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Korea grasps nettle of young offenders

The age from which juvenile offenders can be tried under the Criminal Act has been an issue of contention in Korea for some time, with high-profile violent crimes committed by juveniles regularly making headlines.

With a new administration, the issue has reemerged as a major topic of debate, with some calling for a lowering the age bar for certain punishments, while others say harsher sentences will bring more problems than solutions.

Rekindled debate

On June 8, Justice Minister Han Dong-hoon ordered the ministry to review ways to lower the age at which suspects can be tried under the Criminal Act to 12 from the current 14, in line with President Yoon Suk-yeol’s campaign pledge.

In addition, there are currently seven bills that propose similar changes.

Meanwhile, the National Human Rights Commission is expected to announce its opposition, maintaining its position that the focus of managing juvenile crimes should be education and reform, not punishment.

Currently, juvenile offenders are divided into three groups regarding the legal consequences they face.

Teenagers aged 14 to 19 can be charged according to the Criminal Act and Juvenile Act. Juvenile offenders aged 10 to 13 -- commonly referred to as criminal minors -- are tried under the Juvenile Act. Those younger than 10 do not face legal consequences.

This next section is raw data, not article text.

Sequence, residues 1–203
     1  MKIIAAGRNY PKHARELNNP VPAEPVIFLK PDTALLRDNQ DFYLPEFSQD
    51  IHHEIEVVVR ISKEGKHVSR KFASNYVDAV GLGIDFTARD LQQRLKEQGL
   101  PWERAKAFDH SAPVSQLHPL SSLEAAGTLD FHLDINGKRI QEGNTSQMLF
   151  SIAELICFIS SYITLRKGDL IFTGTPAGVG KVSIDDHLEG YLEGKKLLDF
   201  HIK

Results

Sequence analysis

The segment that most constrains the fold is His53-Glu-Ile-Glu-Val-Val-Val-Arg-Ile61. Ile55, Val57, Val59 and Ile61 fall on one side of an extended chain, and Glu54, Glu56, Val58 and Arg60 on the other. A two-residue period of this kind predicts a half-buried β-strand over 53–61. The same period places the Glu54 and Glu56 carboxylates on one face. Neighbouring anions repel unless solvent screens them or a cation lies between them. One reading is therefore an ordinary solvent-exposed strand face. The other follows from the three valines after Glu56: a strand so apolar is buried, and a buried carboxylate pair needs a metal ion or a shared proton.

Regardless of the crime, the most severe punishment for criminal minors is 2-years’ incarceration in a juvenile detention center, with no criminal record.

A juvenile offender tried under the Criminal Act faces far more severe punishment than those tried under the Juvenile Act, and also gains an official criminal record.

However, it does not mean there are no limitations on punishment. The death penalty or life imprisonment for criminals under 18 must be commuted to 15-year imprisonment. No matter how serious the crime is, even in a case that involves murder or rape, the maximum punishment is 20 years’ imprisonment for teenagers.

Victims, lack of legal structure overshadowed by calls for punishment

Senior Judge Chun Jong-ho of the Daegu District Court, who formerly served as Juvenile Court judge for eight consecutive years, is known as the “father of juvenile offenders.”

This nickname might give the impression that he is a generous or merciful judge, but he was actually known as one of the country’s strictest. He no longer works in Juvenile Court, but he still actively participates in activities to help young perpetrators to live a new life.

“I understand some of the public demanding heavier punishment, but it is a problem that legislators and experts agree on,” Chun said, adding that the revision of the Juvenile Act should not focus on lowering the age.

He argued that removing restrictions on the juvenile detention center period would be more effective. Before the act was revised in 2008, juvenile offenders could be incarcerated at centers until adulthood.

Moreover, he stressed the possibility of prison functioning as a place to become further involved in crime.

Chun also highlighted the problem of Korea lacking juvenile prisons that are different from juvenile detention centers. There are no prisons for girls in Korea and only one such facility for boys, Chun said. Chun said that prisons should be subdivided by age, and the infrastructure to manage juvenile offenders should be expanded.